After building the buffalo shed, they embarked on a series of beautification and art installation projects. “All the plans were thought up and hammered out through chats over tea. We continued the tradition of local hiring and purchase of local materials. But the important thing wasn’t the structures we built, but the teamwork and autonomy involved,” says Chen.

Consider the public art project called Peaceful Zhu­zai­jiao, which won a “best public participation” prize at the Public Art Awards, staged by the former Council for Cultural Affairs (now the Ministry of Culture). What really blew the judges’ minds was that the subsidy was a trifling NT$650,000, but they still managed to complete an upgrade of the village’s overall environment, with art installations ingeniously incorporated into living areas.

Beautiful minds

A more avant-garde work of art is Tao Yuan­ming Sitting for 10 Minutes, which took Chen Yu­liang three months to complete. Using steel-reinforced concrete and mosaic, he built a gorgeous tea table and chairs of riotous form and color. The legs of the chairs and table straddle a water channel, and rice paddies stretching as far as the eye can see form a backdrop that varies with the seasons. It’s a work that’s both practical and original.

In addition there are refurbished spaces under large trees, complete with pools, plants, and sculpted landscapes, tables and chairs, which are all on private land. The landowners generously provided the spaces rent free, with a guarantee to be open to the public for at least 10 years and maintained at the owners’ expense.

“After the refurbishment, what changed the most in Zhu­zai­jiao and the entire village of Tu­gou was public sentiment,” says ­TRCDS director Su ­Chaoji. With the “every man for himself” mindset gone, the villagers now spontaneously sweep up and maintain the surrounding area. And because there are so many more nice recreation areas, people care about each other’s well-being more, and young people on visits home are drawn back by the new public spaces, taking more pride in their hometown.

After four ­TNNUA graduates opened businesses and made their homes in Tu­gou, the dreams of the village continued to grow.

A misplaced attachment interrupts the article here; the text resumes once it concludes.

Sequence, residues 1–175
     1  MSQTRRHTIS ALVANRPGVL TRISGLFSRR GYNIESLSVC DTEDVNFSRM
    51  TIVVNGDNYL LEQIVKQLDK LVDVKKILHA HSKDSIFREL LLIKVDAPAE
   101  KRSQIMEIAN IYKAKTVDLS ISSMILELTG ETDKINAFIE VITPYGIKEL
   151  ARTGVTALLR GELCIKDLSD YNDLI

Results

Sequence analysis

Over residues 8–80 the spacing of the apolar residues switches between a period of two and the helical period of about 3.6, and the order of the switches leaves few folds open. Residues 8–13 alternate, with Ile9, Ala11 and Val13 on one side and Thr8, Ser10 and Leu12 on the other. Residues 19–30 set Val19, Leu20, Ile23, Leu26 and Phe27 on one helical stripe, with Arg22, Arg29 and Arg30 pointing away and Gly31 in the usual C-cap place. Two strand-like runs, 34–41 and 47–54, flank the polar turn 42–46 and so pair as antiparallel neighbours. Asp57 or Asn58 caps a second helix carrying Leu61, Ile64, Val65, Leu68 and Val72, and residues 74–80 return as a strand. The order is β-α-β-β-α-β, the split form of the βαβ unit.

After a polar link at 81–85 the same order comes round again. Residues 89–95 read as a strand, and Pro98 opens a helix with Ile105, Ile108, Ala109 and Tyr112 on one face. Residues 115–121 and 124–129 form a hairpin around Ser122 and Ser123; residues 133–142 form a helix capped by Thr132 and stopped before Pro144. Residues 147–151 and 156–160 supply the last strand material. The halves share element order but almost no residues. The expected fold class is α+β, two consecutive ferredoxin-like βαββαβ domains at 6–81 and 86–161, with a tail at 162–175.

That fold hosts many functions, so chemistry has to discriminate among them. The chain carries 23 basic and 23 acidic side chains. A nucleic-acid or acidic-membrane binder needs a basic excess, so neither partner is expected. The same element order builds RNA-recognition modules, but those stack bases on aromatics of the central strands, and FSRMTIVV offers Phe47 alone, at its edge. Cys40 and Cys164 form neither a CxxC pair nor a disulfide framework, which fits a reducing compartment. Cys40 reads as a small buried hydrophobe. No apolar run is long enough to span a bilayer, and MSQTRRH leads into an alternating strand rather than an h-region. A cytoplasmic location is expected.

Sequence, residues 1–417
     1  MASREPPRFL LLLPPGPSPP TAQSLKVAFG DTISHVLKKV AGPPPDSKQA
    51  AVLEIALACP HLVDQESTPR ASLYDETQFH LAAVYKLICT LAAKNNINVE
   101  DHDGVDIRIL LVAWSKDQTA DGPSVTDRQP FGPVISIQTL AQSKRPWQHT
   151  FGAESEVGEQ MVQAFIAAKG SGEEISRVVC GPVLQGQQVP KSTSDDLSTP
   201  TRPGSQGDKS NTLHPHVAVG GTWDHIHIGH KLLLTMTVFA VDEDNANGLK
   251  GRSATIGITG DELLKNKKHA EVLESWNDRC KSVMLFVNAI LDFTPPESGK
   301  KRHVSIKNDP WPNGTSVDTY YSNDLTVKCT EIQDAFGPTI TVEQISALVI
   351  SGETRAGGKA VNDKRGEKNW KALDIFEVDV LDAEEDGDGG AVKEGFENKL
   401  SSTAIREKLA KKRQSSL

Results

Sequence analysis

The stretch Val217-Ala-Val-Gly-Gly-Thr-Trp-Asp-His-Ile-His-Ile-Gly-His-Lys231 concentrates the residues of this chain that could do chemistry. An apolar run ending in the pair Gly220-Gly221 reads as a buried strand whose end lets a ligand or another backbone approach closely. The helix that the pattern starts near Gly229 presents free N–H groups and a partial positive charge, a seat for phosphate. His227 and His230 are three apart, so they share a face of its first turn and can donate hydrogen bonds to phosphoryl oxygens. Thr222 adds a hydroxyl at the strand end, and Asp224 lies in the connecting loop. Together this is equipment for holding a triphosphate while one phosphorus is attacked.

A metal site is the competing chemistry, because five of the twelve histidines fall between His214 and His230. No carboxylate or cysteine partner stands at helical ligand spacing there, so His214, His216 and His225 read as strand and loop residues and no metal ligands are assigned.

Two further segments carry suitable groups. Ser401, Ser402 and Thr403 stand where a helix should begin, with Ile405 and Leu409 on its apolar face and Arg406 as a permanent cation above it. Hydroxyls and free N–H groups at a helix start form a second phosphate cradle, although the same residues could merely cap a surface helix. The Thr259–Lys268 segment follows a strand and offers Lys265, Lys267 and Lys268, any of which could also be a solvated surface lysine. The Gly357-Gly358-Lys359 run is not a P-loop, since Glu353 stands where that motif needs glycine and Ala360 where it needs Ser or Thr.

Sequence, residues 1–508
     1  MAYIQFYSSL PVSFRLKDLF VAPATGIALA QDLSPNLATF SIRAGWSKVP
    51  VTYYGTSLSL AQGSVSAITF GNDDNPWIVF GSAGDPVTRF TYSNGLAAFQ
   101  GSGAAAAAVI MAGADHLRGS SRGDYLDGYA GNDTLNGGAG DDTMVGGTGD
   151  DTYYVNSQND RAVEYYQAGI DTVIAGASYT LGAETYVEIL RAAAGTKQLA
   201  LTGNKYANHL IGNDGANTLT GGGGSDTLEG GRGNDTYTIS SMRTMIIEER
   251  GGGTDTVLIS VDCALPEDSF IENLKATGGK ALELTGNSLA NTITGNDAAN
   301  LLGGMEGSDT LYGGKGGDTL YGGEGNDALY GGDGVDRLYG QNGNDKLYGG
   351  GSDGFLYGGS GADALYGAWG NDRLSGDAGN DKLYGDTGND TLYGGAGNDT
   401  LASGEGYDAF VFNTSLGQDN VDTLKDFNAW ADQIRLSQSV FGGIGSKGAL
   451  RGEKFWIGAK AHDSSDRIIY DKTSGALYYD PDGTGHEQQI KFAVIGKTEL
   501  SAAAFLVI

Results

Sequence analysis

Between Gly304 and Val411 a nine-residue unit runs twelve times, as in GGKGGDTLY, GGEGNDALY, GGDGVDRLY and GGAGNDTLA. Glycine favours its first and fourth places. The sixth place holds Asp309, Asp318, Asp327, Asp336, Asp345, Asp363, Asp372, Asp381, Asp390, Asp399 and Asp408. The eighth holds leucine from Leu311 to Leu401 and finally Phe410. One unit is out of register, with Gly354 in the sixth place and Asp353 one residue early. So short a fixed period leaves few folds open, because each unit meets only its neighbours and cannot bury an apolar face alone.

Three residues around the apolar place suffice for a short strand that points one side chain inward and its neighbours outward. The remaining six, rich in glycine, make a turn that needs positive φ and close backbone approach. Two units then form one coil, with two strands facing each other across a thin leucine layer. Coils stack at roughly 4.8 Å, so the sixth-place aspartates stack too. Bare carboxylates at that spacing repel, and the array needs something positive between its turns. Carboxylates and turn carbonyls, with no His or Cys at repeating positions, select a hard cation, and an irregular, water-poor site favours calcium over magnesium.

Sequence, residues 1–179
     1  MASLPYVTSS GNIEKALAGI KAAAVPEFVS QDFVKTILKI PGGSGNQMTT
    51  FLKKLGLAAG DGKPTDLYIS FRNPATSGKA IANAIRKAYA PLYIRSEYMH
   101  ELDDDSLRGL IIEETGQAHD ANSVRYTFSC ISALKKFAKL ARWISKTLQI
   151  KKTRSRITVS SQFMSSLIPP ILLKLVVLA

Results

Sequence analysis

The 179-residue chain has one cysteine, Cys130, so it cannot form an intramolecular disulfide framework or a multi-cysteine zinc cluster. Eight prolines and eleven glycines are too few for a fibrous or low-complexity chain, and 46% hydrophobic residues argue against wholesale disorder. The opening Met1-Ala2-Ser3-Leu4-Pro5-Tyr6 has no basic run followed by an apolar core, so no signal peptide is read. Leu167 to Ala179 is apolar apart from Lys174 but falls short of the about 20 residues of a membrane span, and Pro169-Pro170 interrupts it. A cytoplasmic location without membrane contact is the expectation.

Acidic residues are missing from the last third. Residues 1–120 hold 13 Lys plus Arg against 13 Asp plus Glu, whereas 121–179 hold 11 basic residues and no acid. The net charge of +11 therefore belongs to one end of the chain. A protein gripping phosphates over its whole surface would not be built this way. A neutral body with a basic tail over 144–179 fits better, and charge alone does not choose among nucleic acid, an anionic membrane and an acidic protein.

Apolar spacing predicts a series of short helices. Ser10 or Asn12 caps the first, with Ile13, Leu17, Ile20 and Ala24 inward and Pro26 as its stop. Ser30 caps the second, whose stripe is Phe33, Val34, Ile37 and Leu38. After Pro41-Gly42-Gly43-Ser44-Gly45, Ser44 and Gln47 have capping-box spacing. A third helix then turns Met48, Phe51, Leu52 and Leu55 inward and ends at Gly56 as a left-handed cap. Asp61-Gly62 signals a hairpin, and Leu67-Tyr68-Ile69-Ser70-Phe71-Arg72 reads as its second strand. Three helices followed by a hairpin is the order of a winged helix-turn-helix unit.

Chen Yu­liang says that the Tu­gou experience forged in them a drive for self-reliant participatory community development. He and classmate ­Huang Ding­yao started a business, working on weekdays at planning community spaces under government-sponsored projects, which allows them to support themselves while also hiring one or two local workers. During evenings and days off they continue to do community work in Tugou.

Endless possibilities

“Community development requires long-term communication and contact with people, and by designing and implementing projects ourselves we can reduce the budget. Despite the hard work, we’ve earned a sense of accomplishment and cohesion,” says Chen Yu­liang.

The Rural Village Art Museum project was in preparation for almost a year. Privately funded, without government subsidies, it wasn’t an easy task.

“The reason for funding it privately was to ensure autonomy and avoid pointless administrative interference. We pledged to foot the bill for what we couldn’t raise, then work hard later to earn it back,” says Chen. Fortunately, their industrious, persevering manner moved the Tai­nan Enterprise Culture and Arts Foundation and the Shiner Education Foundation, who became the two major patrons behind the scenes of this exhibition.

The next big issue is how Tu­gou will deal with the population drain and revive its rural economy.

These dream-builders agree that the revival of rural villages must be done through policy planning and reform from the ground up. One village alone can’t do it; only by working together can they achieve greater power.

“The Tugou Rural Village Art Museum is like throwing out a cheery invitation, inspiring more workers who care about rural areas and agriculture to find power in the land and to believe the village has unlimited possibilities,” says ­Liao Guo­xiong.

Lately, the art museum has made its own Facebook page, and young villagers working elsewhere have been discussing hometown matters through this platform. Says ­Liao Guo­xiong, “Though they’re not back yet in person, their hearts are. One day, the new generation will finally forge a beautiful relationship with the land.”